Monday, March 7, 2011

43 Thailand #6: Lad Na

On our second night in Chiang Mai, after visiting A's aunt, we went to a brightly lit cafe for dinner. M. ordered Penang curry, A. got something called Sukiyaki, and, for nostalgia's sake, I got Lad Na Moo.

My dad has been cooking Thai food since before I was born, and his dishes were a regular part of meals at home while I was growing up. For what it's worth, his Thai food remains the standard by which I judge other Thai food, and some of his versions are still my favorites. Even today when I go home for a visit I always request at least one Thai dish from Dad.

There were several dishes that were part of the regular rotation at our house: Pad thai, Larb (my favorite, especially with fresh green beans from the garden), various kinds of Tom Yum soups, Kao Pad (Thai fried rice), and a noodle dish called Guay Teow Lad Na, which I didn't really care for all that much as a kid. It was made with wider rice noodles than pad thai, in a sticky brown sauce with sliced pork and gai lan (Chinese broccoli). At the table he'd serve the finished dish with a jar of his vinegar peppers. The resulting combination of textures and flavors didn't really appeal to me. The vinegar was too pungent, the sticky sweetness not to my liking at all (I was the weird kid who would forgo dessert in favor of a second helping of peas).

However, as I got older and my palate expanded, I started to appreciate Lad Na more: the deep flavor and sticky texture of dark soy sauce, the contrast of crunchy vinegar peppers and chewy noodles, and the savory bits of slightly charred gai lan. Though I like it more now, I don't eat it very often, as it is not as common as other Thai dishes on menus outside of Thailand.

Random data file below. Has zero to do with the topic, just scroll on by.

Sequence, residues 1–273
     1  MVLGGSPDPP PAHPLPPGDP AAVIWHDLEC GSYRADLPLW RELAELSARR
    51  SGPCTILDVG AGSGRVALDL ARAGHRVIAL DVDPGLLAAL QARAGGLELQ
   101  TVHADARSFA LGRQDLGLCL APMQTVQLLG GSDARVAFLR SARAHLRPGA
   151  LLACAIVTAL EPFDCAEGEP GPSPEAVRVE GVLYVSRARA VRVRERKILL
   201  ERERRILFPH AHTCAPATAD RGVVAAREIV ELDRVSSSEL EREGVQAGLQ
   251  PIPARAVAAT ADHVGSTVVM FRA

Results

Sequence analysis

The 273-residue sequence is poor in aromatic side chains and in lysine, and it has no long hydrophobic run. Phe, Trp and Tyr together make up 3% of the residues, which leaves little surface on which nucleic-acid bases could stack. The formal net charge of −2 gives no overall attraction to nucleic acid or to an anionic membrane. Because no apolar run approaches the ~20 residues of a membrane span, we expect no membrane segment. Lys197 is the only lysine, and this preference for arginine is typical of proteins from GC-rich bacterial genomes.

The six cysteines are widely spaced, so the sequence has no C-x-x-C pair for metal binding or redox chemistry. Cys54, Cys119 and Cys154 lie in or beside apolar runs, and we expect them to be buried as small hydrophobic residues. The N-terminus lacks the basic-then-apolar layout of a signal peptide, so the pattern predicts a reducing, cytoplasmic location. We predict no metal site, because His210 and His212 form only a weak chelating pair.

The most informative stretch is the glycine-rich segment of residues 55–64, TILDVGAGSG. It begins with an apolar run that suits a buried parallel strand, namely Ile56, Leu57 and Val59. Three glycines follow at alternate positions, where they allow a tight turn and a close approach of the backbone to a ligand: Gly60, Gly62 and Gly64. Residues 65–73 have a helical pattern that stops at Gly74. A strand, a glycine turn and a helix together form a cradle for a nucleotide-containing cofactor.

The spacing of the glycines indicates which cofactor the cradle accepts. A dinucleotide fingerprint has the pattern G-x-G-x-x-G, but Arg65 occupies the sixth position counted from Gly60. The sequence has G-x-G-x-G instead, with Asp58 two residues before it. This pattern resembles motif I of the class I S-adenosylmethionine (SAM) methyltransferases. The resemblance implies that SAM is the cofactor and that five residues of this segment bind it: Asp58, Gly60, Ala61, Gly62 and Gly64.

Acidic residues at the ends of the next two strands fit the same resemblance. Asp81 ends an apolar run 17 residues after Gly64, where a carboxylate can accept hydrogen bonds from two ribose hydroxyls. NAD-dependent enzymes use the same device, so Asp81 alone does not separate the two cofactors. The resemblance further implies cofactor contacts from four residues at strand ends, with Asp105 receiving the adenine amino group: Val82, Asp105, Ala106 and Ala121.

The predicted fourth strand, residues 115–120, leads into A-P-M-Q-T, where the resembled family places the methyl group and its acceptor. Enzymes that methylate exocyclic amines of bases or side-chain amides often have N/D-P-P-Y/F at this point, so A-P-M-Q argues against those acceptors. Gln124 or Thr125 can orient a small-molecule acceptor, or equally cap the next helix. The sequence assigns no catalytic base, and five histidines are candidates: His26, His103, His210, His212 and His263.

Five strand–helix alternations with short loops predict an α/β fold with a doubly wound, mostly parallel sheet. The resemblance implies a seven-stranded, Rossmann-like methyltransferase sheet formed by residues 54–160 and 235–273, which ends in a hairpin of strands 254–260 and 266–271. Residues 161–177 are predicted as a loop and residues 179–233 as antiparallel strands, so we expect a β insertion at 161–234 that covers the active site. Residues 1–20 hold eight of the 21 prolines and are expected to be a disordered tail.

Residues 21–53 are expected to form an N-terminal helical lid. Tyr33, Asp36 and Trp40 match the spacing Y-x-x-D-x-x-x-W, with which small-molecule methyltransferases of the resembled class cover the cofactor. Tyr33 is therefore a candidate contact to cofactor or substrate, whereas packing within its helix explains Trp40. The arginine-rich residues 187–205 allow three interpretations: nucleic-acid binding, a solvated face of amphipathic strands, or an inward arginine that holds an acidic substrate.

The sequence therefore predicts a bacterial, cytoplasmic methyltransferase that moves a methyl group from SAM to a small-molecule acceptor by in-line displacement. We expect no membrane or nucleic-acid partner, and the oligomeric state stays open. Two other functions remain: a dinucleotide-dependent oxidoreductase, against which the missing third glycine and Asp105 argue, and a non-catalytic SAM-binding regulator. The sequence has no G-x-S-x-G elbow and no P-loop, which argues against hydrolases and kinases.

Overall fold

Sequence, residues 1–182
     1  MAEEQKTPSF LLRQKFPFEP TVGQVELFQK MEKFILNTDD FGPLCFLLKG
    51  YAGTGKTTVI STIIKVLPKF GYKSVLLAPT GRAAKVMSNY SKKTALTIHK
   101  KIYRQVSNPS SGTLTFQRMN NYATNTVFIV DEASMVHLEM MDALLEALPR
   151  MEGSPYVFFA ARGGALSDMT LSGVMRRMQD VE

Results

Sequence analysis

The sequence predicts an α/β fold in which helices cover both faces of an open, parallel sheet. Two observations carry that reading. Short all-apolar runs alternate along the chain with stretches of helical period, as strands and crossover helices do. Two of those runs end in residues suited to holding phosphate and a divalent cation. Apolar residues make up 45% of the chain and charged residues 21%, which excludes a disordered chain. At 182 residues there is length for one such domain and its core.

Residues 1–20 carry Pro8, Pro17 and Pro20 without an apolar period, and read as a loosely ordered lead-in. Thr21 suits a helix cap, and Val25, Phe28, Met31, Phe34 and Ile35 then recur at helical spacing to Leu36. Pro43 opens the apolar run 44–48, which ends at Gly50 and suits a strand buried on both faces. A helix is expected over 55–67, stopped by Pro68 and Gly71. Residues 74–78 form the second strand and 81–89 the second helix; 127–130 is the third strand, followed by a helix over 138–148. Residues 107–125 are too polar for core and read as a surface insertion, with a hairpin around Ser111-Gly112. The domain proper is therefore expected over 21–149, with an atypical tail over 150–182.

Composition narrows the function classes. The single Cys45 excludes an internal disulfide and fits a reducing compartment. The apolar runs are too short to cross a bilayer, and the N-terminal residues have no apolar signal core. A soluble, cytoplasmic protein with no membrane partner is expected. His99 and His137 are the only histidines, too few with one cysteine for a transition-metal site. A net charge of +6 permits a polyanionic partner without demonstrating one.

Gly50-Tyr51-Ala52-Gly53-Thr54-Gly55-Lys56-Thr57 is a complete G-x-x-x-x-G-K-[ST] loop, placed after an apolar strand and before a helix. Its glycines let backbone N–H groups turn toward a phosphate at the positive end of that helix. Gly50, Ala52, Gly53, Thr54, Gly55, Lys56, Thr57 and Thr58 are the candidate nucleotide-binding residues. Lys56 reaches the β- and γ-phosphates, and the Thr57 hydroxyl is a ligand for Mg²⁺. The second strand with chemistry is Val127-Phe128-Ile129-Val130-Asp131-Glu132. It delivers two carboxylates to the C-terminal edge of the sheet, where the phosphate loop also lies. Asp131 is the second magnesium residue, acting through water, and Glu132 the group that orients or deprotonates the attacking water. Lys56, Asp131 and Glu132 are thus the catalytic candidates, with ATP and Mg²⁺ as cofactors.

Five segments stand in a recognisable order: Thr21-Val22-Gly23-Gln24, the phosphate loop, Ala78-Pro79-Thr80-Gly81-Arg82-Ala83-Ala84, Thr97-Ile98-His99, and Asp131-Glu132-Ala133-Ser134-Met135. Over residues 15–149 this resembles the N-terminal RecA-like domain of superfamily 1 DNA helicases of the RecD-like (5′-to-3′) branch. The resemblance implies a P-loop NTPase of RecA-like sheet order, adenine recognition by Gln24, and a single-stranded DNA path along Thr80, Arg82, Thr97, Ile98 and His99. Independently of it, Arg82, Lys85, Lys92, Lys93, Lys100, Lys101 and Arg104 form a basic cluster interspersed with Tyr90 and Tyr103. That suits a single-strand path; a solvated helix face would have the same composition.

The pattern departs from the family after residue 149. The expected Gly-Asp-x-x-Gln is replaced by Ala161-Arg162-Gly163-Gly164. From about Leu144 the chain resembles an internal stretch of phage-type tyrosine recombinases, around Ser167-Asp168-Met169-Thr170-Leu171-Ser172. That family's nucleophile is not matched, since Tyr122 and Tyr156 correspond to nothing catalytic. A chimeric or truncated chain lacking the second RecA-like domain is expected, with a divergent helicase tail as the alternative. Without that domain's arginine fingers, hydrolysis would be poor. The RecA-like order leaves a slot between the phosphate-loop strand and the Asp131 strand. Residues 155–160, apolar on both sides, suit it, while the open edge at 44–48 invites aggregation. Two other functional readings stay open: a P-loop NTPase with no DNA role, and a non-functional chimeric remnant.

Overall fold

The Lad Na that I ordered in Chiang Mai was not dark brown like Dad's but in a much lighter gravy, with more of it (in Dad's version the sauce is much thicker and clings to the noodles more) and made with sen yai (thick rice noodles). It could be that this was a regional variant. However, with its contrast of chewy noodles, vinegar and crunch from the added peppers, gai lan and garlicky sauce, it evoked meals long past, and I might as well have been sitting at our kitchen table in Minnesota with the sun slanting through the atrium, eating dinner with my family. When you're living abroad and family times are few and far between, those moments count for a lot.

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